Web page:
If you’re a hip-hop or EDM producer, finding fresh, high-quality samples is an important part of your workflow. Loopcloud, a desktop and browser-based sample app and plugin suite from PluginBoutique/Loopmasters, offers an alternative to hours of digging in crates of vinyl and pulling samples. Today I’m taking an in-depth look at Loopcloud and helping you decide which plan is right for you. I’ll also build a song from scratch using their samples as a jumping-off point. Let’s get started.
Loopcloud is actually a suite of five different apps and plugins. Loopcloud Desktop, Loopcloud DAW plugin, and the Loopcloud Sounds web app have the classic grey-and-blue look of other PluginBoutique plugins, while the Loopcloud Drum and Loopcloud Play plugins have interfaces that change colors and styles based on the currently-loaded plugin pack. After watching the tutorial videos, everything is easy to find and well laid-out.
There are two main features to Loopcloud: the desktop and browser-based web apps, and the DAW plugins. Let’s take a look at both:
Desktop vs. Sounds
Loopcloud Desktop for Mac or PC, and Loopcloud Sounds, the web-based browser interface, both give you access to Loopcloud‘s extensive collection of over 4 million sounds. The Loopcloud Sounds web app is a stripped-down version that retains all of the sample browsing and downloading functionality of the Desktop version, which is nice for digging through samples and using up your daily credits when you’re on the go. The Loopcloud desktop version offers a whole lot more, including the ability to index your personal sample library and use it in tandem with the samples you get from Loopcloud.
The Home tab in Loopcloud Desktop allows you to browse through the thousands of sample packs available on Loopcloud. Clicking the Library tab takes you to a screen full of all of the samples you’ve downloaded from Loopcloud, including the free Loopcloud Welcome Pack, and any samples that you’ve imported from other sources. Along the top are dropdowns for filtering based on Instrument type, Genres, sample producer Labels, Formats, Beat, Key, or BPM. Hitting any of the filters takes you to a list of samples that you can audition, then download for free or purchase.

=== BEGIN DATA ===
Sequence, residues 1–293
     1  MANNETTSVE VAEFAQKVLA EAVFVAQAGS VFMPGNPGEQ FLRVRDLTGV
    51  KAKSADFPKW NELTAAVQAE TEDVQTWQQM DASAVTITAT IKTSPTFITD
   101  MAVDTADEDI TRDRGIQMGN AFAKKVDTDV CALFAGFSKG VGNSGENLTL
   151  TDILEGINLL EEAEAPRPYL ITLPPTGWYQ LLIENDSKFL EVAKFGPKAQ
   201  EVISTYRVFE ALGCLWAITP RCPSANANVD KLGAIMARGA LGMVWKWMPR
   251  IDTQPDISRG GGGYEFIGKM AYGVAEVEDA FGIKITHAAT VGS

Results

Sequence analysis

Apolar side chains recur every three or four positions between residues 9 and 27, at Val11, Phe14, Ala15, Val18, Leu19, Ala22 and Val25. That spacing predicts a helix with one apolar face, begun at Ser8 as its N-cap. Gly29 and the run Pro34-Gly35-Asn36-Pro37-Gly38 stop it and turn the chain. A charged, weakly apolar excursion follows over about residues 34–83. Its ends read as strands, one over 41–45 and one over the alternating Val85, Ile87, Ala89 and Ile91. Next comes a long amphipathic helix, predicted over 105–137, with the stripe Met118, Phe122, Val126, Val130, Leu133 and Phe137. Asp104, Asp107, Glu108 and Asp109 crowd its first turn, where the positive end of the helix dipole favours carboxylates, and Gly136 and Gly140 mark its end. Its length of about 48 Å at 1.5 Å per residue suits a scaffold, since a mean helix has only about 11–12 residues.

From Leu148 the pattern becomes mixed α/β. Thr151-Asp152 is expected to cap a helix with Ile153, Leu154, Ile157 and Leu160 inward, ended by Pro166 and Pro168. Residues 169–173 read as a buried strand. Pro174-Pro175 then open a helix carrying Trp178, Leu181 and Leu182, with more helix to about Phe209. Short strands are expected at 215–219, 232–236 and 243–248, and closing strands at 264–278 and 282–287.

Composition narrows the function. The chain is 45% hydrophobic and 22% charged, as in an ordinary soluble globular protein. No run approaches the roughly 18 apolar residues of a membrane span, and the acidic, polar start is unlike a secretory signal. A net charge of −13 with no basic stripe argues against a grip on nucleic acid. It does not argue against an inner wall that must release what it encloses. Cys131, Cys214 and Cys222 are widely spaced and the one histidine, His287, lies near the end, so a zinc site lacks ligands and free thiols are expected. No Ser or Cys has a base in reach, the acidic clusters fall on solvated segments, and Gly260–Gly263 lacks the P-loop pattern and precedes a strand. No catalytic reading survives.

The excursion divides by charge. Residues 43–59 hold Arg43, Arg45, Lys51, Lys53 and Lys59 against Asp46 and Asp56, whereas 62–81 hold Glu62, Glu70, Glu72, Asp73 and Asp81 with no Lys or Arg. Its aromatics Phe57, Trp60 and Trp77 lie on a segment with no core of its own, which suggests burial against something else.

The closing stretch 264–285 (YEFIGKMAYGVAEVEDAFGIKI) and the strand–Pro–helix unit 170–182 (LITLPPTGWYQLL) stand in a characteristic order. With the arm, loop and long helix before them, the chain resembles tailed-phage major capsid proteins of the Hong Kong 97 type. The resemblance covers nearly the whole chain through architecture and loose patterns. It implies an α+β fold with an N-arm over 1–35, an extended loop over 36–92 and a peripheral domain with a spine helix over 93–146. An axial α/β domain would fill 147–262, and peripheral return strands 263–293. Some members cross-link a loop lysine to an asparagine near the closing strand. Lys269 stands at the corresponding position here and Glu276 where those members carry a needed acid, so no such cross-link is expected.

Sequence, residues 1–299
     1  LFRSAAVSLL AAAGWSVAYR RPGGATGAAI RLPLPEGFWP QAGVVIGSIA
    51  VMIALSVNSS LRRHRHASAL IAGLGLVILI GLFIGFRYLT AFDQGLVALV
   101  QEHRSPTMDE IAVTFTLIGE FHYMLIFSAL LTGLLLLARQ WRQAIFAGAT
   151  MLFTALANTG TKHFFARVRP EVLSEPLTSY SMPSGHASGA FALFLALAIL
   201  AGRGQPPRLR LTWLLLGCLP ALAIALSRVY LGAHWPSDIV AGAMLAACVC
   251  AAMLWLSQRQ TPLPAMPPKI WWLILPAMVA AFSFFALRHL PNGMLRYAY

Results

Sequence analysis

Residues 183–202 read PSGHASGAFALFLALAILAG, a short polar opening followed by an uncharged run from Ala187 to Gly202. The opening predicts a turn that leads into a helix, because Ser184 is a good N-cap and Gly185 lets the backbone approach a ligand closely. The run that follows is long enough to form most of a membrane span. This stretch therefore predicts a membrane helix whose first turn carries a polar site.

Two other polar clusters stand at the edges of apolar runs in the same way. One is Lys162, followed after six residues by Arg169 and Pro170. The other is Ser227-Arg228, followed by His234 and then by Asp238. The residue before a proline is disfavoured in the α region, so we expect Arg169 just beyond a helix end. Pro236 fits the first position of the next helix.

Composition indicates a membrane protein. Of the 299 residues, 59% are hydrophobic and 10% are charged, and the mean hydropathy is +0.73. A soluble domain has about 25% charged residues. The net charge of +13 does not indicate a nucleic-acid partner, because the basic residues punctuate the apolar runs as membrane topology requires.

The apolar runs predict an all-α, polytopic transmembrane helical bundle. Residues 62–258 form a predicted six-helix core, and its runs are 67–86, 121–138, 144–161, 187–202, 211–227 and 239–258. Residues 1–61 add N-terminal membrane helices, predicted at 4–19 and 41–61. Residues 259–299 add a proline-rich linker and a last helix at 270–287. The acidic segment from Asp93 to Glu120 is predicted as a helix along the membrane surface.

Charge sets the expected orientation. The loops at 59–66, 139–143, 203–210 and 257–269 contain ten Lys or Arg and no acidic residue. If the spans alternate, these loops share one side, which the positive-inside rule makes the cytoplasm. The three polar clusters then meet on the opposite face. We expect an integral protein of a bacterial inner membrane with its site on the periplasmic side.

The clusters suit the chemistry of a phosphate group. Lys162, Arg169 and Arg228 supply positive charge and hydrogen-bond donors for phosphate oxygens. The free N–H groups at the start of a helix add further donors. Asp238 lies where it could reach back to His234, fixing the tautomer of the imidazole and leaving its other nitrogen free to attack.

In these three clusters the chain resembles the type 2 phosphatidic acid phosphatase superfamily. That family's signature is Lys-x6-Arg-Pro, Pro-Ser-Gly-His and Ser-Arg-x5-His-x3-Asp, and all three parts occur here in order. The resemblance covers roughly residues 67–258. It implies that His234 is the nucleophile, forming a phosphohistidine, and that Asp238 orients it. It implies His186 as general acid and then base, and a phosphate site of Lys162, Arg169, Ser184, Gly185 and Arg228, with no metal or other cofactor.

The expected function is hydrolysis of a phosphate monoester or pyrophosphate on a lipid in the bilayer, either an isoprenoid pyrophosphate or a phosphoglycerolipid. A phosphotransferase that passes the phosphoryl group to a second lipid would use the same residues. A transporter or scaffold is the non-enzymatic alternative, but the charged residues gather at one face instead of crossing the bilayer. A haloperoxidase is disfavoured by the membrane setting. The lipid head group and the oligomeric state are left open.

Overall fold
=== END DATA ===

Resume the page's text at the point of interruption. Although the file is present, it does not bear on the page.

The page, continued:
Samples can be purchased individually or as whole sample packs. Individual sounds are either 1, 2, or 4 ‘Points,’ which come with your monthly subscription or can be purchased for about two and a half cents each. Entire sample packs are in the 900-1100 Point range and come with hundreds or thousands of samples. This is the only thing I don’t fully enjoy about Loopcloud, as I don’t like converting money to Points to spend and would prefer to have a single pricetag, but isn’t a dealbreaker for me at all. I was able to bank my points for a few months and buy an absolutely awesome Mark Fletcher sample pack that is so deep I’ve barely scratched the surface.
Also, many of the samples, up to 25,000 at any time on a rotating basis, are free to download with your daily download allowance. Even with the Free plan, you get 5 downloads a day, which adds up to 150 samples a month if you make a habit of looking for samples every day.
Multi-Track Sample Editor
The sample editor is where the magic happens in Loopcloud. If you’ve ever gone through the painstaking effort of sampling a record or paid a bunch of money for sample packs only to find that the samples just didn’t jive with the rest of your collection, Loopcloud has the solution. Click an open track, then click on a sample you want to audition and hit play. Then, click another open track and choose another sample, then use the measure, BPM, pitch, pattern, and editing controls to see if the second sample fits with the first. Using these features alone, you can find great samples to purchase and download, build beats, then export them to your DAW using the connection button. Alternatively, you can drag-and-drop single samples or entire multi-track creations to your DAW, desktop, or any other application.
The Loopcloud Drum plugin allows you to paint in your own custom kits and patterns using the whole galaxy of one-shots and full samples on Loopcloud as your palette, and sounds from your other libraries as well. Just click New, give your kit a name, hit Import, then start dragging and dropping your sounds onto the 16-pad interface. Each pad has its own mute and solo.
Once you have created the kit of your dreams, click any of the pads to activate the pattern generator for that pad, draw in a pattern with velocity and roll, then do the same for the next pad. Each sample in the kit can be individually tuned, filtered, panned, and more. There are also delay and reverb sends. Click the Mixer button to bring up a mixer view with individual volume controls and adjustments for the send and master effects.